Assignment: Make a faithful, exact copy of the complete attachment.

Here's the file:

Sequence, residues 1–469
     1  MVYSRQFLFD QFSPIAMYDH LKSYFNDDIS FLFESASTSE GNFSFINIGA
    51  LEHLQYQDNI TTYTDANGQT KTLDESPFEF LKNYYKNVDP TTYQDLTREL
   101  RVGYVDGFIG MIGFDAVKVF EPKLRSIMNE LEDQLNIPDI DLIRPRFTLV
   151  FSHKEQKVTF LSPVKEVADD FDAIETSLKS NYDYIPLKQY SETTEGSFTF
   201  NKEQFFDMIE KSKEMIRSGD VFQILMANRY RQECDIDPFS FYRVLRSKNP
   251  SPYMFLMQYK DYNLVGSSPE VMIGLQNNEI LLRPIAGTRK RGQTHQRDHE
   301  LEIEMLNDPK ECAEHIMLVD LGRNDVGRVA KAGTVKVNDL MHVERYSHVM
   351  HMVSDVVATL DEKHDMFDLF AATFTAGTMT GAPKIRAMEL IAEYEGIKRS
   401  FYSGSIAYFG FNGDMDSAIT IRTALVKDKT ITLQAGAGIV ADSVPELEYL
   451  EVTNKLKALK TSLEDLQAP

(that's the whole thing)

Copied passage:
Sequence, residues 1–469
     1  MVYSRQFLFD QFSPIAMYDH LKSYFNDDIS FLFESASTSE GNFSFINIGA
    51  LEHLQYQDNI TTYTDANGQT KTLDESPFEF LKNYYKNVDP TTYQDLTREL
   101  RVGYVDGFIG MIGFDAVKVF EPKLRSIMNE LEDQLNIPDI DLIRPRFTLV
   151  FSHKEQKVTF LSPVKEVADD FDAIETSLKS NYDYIPLKQY SETTEGSFTF
   201  NKEQFFDMIE KSKEMIRSGD VFQILMANRY RQECDIDPFS FYRVLRSKNP
   251  SPYMFLMQYK DYNLVGSSPE VMIGLQNNEI LLRPIAGTRK RGQTHQRDHE
   301  LEIEMLNDPK ECAEHIMLVD LGRNDVGRVA KAGTVKVNDL MHVERYSHVM
   351  HMVSDVVATL DEKHDMFDLF AATFTAGTMT GAPKIRAMEL IAEYEGIKRS
   401  FYSGSIAYFG FNGDMDSAIT IRTALVKDKT ITLQAGAGIV ADSVPELEYL
   451  EVTNKLKALK TSLEDLQAP